I'm currently looking at survey results from the US bureau of labor statistics concerning hourly wages. With the raw survey data, I get different respondents who state how many hours they work in a week, along with the average pay, and some demographic data like age and sex.

How can I go from this information to making an educated guess about the amount of hours have been worked by the entire US population at a certain wage level, for example? Is there some way to "correlate" the values considering more than just a single parameter like age?

EDIT: I'm going to try and ask a more specific question then. Please forgive my complete lack of statistics knowledge:

Let's say I'm doing a survey about how much people earn in an hour. Based off of my survey, I know that , in my survey sample, men make about \$10 an hour, and women make \$8 an hour. I also know that in the same sample, people under 40 make \$7 an hour on average, and people over 40 make \$11 an hour.

Assuming that the population is 50/50 male/female, I can make an educated guess that the population , on average, makes \$9 an hour. Likewise, if %30 of the population is over 40, then I can guess that the population on average makes \$8.20 an hours

But how can I "combine" both of these information points? How can I consider both the sex and the age of the people to fit it to the population? Am I just supposed to do a weighted average or something?

  • 1
    $\begingroup$ It is difficult to imagine a useful concise answer to this. See stats.stackexchange.com/help/dont-ask including the advice "Your questions should be reasonably scoped. If you can imagine an entire book that answers your question, you’re asking too much." $\endgroup$ – Nick Cox Jul 7 '13 at 9:10
  • $\begingroup$ ok, I tried to edit my question to be more specific. I fear that it might still be too general. $\endgroup$ – rtpg Jul 7 '13 at 9:41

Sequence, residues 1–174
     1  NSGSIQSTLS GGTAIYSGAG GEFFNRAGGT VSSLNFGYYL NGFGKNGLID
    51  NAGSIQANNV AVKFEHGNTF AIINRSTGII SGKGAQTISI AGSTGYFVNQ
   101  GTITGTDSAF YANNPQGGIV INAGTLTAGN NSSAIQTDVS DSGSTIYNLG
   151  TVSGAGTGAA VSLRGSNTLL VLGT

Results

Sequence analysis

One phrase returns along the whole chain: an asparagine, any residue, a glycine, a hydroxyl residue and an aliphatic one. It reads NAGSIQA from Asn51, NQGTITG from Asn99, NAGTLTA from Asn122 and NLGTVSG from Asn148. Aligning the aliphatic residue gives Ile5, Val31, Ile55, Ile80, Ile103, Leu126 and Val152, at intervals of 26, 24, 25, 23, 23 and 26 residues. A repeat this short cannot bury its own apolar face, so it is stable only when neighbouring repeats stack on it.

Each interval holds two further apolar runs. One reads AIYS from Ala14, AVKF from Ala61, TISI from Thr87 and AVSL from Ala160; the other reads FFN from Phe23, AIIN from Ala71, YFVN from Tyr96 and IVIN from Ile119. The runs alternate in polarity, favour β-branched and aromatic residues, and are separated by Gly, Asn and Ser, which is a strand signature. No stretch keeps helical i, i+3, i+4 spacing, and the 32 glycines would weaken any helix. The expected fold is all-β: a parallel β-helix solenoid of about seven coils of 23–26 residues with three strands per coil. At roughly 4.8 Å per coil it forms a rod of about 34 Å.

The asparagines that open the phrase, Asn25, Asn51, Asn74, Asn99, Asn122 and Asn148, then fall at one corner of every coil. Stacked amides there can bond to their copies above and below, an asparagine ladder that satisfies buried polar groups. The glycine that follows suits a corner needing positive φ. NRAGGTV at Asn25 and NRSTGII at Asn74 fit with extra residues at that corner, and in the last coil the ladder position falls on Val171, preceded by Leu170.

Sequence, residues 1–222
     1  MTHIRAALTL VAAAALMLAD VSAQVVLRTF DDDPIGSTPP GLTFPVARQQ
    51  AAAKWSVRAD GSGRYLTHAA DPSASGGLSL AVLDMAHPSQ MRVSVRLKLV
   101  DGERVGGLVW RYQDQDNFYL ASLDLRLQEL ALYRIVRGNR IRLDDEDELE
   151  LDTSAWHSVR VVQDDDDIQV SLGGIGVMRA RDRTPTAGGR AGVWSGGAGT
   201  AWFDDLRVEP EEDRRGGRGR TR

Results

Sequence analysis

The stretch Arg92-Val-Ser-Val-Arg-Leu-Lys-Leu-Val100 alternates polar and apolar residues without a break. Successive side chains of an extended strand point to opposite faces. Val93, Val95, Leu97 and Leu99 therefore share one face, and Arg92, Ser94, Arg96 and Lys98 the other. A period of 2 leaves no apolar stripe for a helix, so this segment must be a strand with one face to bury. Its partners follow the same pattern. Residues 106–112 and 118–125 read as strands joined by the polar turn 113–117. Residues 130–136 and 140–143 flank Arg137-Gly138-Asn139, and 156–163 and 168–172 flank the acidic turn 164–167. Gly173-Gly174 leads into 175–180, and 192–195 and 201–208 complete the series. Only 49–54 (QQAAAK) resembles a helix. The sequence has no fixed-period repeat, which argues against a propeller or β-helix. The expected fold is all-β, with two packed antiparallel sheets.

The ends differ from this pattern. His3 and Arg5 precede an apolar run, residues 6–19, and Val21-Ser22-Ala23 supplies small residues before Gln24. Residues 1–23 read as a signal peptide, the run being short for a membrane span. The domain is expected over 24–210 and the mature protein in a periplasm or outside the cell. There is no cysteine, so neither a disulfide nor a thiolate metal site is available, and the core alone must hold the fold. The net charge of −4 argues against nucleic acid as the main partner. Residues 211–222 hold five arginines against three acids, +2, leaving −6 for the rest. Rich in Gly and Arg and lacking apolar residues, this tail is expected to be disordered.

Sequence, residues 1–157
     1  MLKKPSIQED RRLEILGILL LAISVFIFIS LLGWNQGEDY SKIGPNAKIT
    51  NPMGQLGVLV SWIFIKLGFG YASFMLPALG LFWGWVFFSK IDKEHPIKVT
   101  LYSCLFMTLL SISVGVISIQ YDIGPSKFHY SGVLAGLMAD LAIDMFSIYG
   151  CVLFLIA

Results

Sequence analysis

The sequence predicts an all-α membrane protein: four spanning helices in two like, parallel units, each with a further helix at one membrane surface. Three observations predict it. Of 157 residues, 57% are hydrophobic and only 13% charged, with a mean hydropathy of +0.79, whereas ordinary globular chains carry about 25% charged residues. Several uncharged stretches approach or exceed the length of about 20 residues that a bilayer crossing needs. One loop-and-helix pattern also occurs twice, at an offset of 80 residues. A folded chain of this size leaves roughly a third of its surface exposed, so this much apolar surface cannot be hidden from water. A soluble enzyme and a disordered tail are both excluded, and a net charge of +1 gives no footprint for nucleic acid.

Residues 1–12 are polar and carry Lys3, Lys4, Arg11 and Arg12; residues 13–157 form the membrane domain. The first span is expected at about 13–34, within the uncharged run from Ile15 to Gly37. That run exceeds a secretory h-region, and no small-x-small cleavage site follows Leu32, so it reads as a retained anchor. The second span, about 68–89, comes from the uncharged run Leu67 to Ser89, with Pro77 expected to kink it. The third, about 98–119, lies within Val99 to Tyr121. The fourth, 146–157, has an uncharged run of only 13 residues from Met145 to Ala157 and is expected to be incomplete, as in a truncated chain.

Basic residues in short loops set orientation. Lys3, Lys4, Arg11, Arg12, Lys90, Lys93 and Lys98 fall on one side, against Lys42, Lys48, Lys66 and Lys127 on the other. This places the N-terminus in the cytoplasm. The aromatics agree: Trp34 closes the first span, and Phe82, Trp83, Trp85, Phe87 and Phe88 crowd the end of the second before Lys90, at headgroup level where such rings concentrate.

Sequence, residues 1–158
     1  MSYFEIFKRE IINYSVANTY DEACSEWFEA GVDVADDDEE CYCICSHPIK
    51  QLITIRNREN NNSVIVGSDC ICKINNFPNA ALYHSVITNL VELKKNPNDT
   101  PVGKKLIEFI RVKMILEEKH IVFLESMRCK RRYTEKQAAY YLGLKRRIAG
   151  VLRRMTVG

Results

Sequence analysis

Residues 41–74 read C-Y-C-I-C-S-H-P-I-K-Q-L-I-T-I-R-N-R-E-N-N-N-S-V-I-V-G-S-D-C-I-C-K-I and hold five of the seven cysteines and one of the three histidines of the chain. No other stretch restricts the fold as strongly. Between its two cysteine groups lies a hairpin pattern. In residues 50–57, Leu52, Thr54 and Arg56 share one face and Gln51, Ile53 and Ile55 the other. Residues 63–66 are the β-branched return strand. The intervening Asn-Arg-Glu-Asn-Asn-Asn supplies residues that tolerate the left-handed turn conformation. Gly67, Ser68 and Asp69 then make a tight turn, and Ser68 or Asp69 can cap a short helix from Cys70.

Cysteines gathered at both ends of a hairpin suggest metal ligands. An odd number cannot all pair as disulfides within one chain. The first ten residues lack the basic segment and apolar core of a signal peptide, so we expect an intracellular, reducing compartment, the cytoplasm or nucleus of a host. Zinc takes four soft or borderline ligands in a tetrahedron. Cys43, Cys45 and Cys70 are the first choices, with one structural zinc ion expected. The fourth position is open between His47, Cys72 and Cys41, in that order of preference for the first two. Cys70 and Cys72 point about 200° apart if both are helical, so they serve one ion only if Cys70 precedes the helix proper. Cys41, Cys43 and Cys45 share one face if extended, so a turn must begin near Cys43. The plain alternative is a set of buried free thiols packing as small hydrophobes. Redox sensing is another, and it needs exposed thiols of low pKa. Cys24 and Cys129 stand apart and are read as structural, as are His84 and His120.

• $\begingroup$ just use any survey that generalizes to the whole population instead of the working population.. you probably want the bls current population survey. to work with the microdata, start here $\endgroup$ – Anthony Damico Jul 7 '13 at 13:44
  • $\begingroup$ @Anthony: but, CPS generalizes to the working age population not the whole US population; the survey focuses on the civilian noninstitutional population 16 years and over. $\endgroup$ – Metrics Jul 7 '13 at 14:03
  • $\begingroup$ @metrics that is not correct. this page says, "the civilian noninstitutional population" kids don't get the employment questions, but there are child records - with nonzero weights. it's a household survey :) if you don't believe me, sum up the person-weights -- you'll get ~310 million not ~230 million $\endgroup$ – Anthony Damico Jul 7 '13 at 16:41

To generalize the results from survey data for the population, you need sample weights. If you are using the microdata/survey data from BLS, you can find the weights in the data. Of course, you have to look into codebook or data dictionary if you can't locate. See this introduction slides.

For analysis purpose you need to use survey analysis tool which is this in R and this is Stata


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